Narratives, alone or in constellation with one another, produce real-world effects. People use narratives to help them interpret events. As Kahnemann and Tversky outline in their model of the "representativeness heuristic," stories frame people's expectations and therefore inform how they will behave.
Robert Shiller describes how narratives inform individual economic actions, such as when and where to invest or whether to take a certain job. But, a story that is virulent enough can have mass-scale impacts. For instance, narratives in the latter half of the twentieth century that used efficiency to describe free markets helped contribute to a public reaction against regulation and government intervention in the economy.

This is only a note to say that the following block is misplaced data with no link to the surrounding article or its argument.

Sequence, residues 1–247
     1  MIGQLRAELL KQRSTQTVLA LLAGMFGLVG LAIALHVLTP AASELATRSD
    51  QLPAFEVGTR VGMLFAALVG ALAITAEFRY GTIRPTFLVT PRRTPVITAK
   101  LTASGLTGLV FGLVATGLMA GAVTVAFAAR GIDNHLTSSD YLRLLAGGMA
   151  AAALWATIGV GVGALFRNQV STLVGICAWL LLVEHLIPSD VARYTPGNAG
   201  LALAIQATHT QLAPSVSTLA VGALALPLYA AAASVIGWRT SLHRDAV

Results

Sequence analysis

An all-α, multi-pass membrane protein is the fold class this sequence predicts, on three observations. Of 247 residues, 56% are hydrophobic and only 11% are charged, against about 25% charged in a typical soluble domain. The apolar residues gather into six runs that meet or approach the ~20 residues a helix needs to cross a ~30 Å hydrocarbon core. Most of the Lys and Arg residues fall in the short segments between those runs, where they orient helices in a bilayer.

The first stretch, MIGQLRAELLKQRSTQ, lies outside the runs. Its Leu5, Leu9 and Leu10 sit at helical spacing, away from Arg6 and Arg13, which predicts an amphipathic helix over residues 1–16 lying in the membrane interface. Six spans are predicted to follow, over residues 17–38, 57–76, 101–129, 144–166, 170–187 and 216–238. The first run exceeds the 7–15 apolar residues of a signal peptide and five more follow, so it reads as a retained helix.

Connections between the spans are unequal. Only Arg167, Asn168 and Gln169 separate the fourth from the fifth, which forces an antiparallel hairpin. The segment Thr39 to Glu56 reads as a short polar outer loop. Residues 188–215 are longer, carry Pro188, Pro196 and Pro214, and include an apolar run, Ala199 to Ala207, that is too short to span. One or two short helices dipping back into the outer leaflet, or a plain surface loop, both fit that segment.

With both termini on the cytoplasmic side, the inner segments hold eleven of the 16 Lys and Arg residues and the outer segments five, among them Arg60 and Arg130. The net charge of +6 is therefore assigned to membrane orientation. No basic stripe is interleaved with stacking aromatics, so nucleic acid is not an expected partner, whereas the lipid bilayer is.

- Narrative sequencing informs meaning
- Narrative helps the human mind make sense of events
- Narratives enable us to act decisively in conditions of uncertainty